It's easy to overlook the IoT-related opportunities that some markets -- like smart cities and industrial applications -- provide for service providers. The deals are more complex, with more moving parts, and connectivity is just the beginning of where service providers can make a difference -- if they have the right partners and technology strategy in place.
Ovum estimates that service providers only generate "around 10–15% of overall IoT revenue" from connectivity, Ovum Senior Analyst Carrie Pawsey writes in her latest IoT report. "This means that most CSPs are looking to provide other functions within the value chain, such as device management, applications, analytics, systems integration, and project management."
Companies with broad strategies but with a careful eye toward making IoT simpler seemed to stand out in this category. This specific award will go to "the communications service provider, systems integrator or technology developer that has unveiled the most innovative Internet of Things/Machine to Machine (IoT/M2M) strategy during the past year."
The winners and the identities of this year's Light Reading Hall of Fame inductees will be announced at the Leading Lights Awards dinner, which will be held at the Pinnacle Club in Denver, on Monday, May 6, on the eve of the Big 5G Event. Find out about how to book a table and attend the awards dinner by clicking on this link.
Here are some details about the shortlisted entries in the category of Most Innovative IoT/M2M Strategy:
Nokia is helping IoT take flight (groan!) with WING, its Worldwide IoT Network Grid, and the way it combines gear, cloud computing and go-to-market support in a single service. It's a real managed service offering that covers everything from core IoT infrastructure to connectivity management for vertical industries like logistics, agriculture, and so on. The value for network operators and enterprises is that the investment size and commitment starts small and scales with success. To date, a lot of vendors have offered great IoT point solutions, but the up-front costs and follow-on services were lacking. Nokia's pre-packaged agriculture solution, for example, allows service providers to deliver a subscription-based solution where farmers can "access weather, soil and crop data for timely actions to increase yield, decrease costs and mitigate risks," according to the company's Leading Lights entry. Several big operator trials are ongoing and we look forward to hearing more.
Senet's strategy centers on reducing the time to market for service providers and other companies looking to dive into IoT. The company's Senet Low Power Wide Area Virtual Network (LVN) offers global connectivity and billing support for IoT clients. The company provides different levels of revenue sharing depending on how much service it provides. The reach that Senet offers made it one to watch for service provider consideration. From its Leading Lights entry, "Senet's partnerships with distributors such as Arrow Electronics further simplify LVN connectivity for IoT application providers by enabling out-of-the-box compatibility between commercially available gateway products and the Senet network, which currently provides coverage and connectivity readiness in over 80 countries."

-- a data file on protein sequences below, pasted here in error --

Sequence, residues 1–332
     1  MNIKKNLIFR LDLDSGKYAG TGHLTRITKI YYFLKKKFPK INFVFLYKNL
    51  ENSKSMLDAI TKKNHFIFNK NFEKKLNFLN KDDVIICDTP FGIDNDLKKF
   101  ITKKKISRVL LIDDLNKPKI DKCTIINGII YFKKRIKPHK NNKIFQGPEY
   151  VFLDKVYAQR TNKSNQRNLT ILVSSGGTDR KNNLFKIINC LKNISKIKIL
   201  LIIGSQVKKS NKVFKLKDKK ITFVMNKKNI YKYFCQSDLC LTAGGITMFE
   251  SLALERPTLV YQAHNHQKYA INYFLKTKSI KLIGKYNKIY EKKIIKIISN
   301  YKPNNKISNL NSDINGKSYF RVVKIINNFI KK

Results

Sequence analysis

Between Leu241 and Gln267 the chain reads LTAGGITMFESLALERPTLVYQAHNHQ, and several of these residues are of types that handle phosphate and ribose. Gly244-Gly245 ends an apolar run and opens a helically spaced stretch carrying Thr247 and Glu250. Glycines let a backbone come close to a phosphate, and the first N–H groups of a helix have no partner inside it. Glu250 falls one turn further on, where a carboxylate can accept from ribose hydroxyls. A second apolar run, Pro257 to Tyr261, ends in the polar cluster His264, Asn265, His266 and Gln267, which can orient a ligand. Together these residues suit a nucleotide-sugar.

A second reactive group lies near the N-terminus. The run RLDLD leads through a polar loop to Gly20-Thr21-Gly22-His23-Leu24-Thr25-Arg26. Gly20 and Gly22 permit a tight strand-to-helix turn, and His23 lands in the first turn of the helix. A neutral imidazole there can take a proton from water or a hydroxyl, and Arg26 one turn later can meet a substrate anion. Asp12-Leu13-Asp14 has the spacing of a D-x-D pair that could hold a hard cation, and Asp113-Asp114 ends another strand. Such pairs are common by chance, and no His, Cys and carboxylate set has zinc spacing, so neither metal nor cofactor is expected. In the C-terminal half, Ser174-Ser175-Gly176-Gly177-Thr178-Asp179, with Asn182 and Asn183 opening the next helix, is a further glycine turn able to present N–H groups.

Sprint (in partnership with Ericsson)
Sprint's Curiosity IoT platform is all about cutting down on latency between the IoT application processing and the IoT device. The strategy Sprint and partner Ericsson pursued was to create a dedicated, virtualized IoT core network and integrated operating system that helped customers simplify the integration, reporting and onboarding of IoT devices across multiple geographies. The Curiosity platform also offers service-level agreements measuring "availability, latency and jitter. It is also architected to be access-agnostic supporting licensed, unlicensed, cellular, satellite, low-power wide-area (LPWA), wireline and 5G when ready," Sprint said in its Leading Lights entry. With worldwide roaming, a dedicated network and uniform SLAs on all devices, Sprint is making a case for enterprises to be much more than curious about its Curiosity IoT platform.
Wind River's IoT strategy is also very much about targeting vertical industries that are already running specialized applications on purpose-built hardware. It aims to get those applications running on a single edge compute platform to make things more simple, secure and easier to manage but the company does so without forcing these industrial giants to abandon or rewrite their legacy code. This happens by way of its Wind River Helix Virtualization Platform and the industries name-checked in Wind River's entry included aerospace, defense, industrial, automotive and medical. "Consolidation of multiple applications into one platform allows common edge devices to serve diverse system architecture needs, like low latency control functions on a [real-time operating system] RTOS alongside Linux-based applications/frameworks, like machine learning," Wind River writes in its entry.
- Sprint & Ericsson to Develop Global IoT Core, OS Platform
- Intel Spins Out Wind River for Industrial IoT
- Senet, Kerlink Extend IoT Network in Vegas
- Nokia's WING Landing Page